Armament: Wide variety of weapons can be carried internally in stealth mode; ordnance payload is more than 18,000 pounds
Fact: Marine pilots are being trained in Beaufort in the F-35B, the short takeoff/vertical landing version of the jet.
F-16 Fighting Falcon
A multirole fighter aircraft that has succeeded in air-to-air and air-to-surface combat. Its life has been extended due to delays in the F-35. International demand remains high for the versatile jet. The plane is flown by the S.C. Air National Guard.
Measurements: 49.4 feet long with a wingspan of 32.7 feet
Speed: 1,500+ mph (Mach 2+)
Ceiling: 50,000+ feet
Armament: Cannons, missiles and conventional munitions
Crew: One or two
Fact: Lockheed Martin moved the F-16 production line to Greenville. The facility also has a contract to overhaul the fighters for the Air Force.
F/A-18 Hornet/Super Hornet
The Navy and Marine Corps deploy this all-weather fighter and attack aircraft. Several Hornet squadrons operate out of Marine Corps Air Station Beaufort. Both services can launch the jets from aircraft carriers, but the Marines are moving solely to the F-35 for carrier duty.
Measurements: Hornet: 56 feet long with a wingspan of 40.4 feet; Super Hornet: 60.3 feet long with a wingspan of 44.9 feet
Speed: 1,300+ mph (Mach 1.7+ Hornet and Mach 1.8+ Super Hornet)
Ceiling: 50,000+ feet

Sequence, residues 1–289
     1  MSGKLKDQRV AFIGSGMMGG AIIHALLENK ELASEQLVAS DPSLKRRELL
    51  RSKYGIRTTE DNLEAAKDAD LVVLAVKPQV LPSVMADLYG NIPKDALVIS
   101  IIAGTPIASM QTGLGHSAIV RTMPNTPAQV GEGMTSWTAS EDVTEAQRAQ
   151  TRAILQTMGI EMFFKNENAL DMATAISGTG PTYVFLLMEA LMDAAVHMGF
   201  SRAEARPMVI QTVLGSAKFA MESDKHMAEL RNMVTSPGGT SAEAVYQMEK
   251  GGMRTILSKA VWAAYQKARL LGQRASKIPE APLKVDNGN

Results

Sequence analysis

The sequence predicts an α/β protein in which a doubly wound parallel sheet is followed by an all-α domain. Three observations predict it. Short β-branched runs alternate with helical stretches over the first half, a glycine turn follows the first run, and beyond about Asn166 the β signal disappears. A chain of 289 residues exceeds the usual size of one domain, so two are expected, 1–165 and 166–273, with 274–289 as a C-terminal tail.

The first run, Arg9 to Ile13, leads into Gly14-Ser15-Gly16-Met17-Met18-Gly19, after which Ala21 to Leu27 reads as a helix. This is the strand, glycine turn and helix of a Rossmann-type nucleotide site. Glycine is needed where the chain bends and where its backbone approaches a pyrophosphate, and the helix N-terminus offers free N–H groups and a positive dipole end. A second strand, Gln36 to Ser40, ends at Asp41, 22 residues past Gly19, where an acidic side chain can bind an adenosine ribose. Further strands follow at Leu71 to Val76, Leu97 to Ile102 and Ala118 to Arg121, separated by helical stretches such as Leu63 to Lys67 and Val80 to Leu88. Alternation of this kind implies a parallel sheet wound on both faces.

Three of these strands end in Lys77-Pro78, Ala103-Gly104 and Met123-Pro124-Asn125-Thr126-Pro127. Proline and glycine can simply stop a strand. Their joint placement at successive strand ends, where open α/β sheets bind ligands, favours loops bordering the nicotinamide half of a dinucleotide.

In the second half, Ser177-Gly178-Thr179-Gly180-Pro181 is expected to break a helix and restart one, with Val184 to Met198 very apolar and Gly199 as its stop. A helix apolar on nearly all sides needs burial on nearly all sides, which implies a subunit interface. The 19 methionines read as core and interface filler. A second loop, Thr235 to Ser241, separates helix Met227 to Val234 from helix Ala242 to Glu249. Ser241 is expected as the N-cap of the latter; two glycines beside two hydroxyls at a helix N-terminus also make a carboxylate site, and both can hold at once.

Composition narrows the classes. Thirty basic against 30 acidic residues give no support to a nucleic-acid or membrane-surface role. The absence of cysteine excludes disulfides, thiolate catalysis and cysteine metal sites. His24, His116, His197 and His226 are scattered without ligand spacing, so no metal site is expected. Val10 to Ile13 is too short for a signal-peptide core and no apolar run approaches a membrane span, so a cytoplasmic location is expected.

Armament: Cannons, rockets, missiles, mines and bombs
Crew: One or two
Fact: The Blue Angels, the Navy's flight demonstration squadron, now fly the Super Hornet after 34 years in the Hornet.
A patrol and search-and-rescue helicopter operated from Coast Guard bases and cutters. While the choppers seen in our area are based in Savannah, one is on duty at the Sector Charleston air facility.
Measurements: 44.4 feet long with a rotor diameter of 39.2 feet
Speed: 201 mph
Ceiling: 18,000 feet
Armament: Machine guns, rifles
Crew: Four (two pilot, two crew)
Fact: Dolphins are used extensively in lifesaving operations after hurricanes.
UH-60 Black Hawk
This helicopter can transport an entire 11-person, fully equipped infantry squad in most weather conditions. The S.C. Army National Guard flies the chopper.
Measurements: 64.8 feet long with a rotor diameter of 53.7 feet
Speed: 183 mph
Ceiling: 19,000 feet
Armament: Machine guns, missiles and rockets
Crew: Four (two pilots, two crew)
Fact: Critical components are armored, and the airframe is designed to crush progressively to protect occupants.
E-3 Sentry (AWACS)
The Airborne Warning and Control System jet is easily identified because it has a large radar housed in a rotating, saucer-shaped dome 11 feet above the fuselage. The jet provides surveillance, target tracking and early warning of enemy actions.
Measurements: 152.9 feet long with a wingspan of 145.8 feet; rotodome: 30 feet in diameter, 6 feet thick
Speed: 360 mph
Ceiling: 29,000+ feet
Crew: Flight crew of four plus mission crew of 13-19 specialists
Fact: The E-3 can fly a mission profile about eight hours without refueling.
Sources: Joint Base Charleston, Department of Defense, U.S. Coast Guard, Boeing, Lockheed Martin and Airbus Helicopters.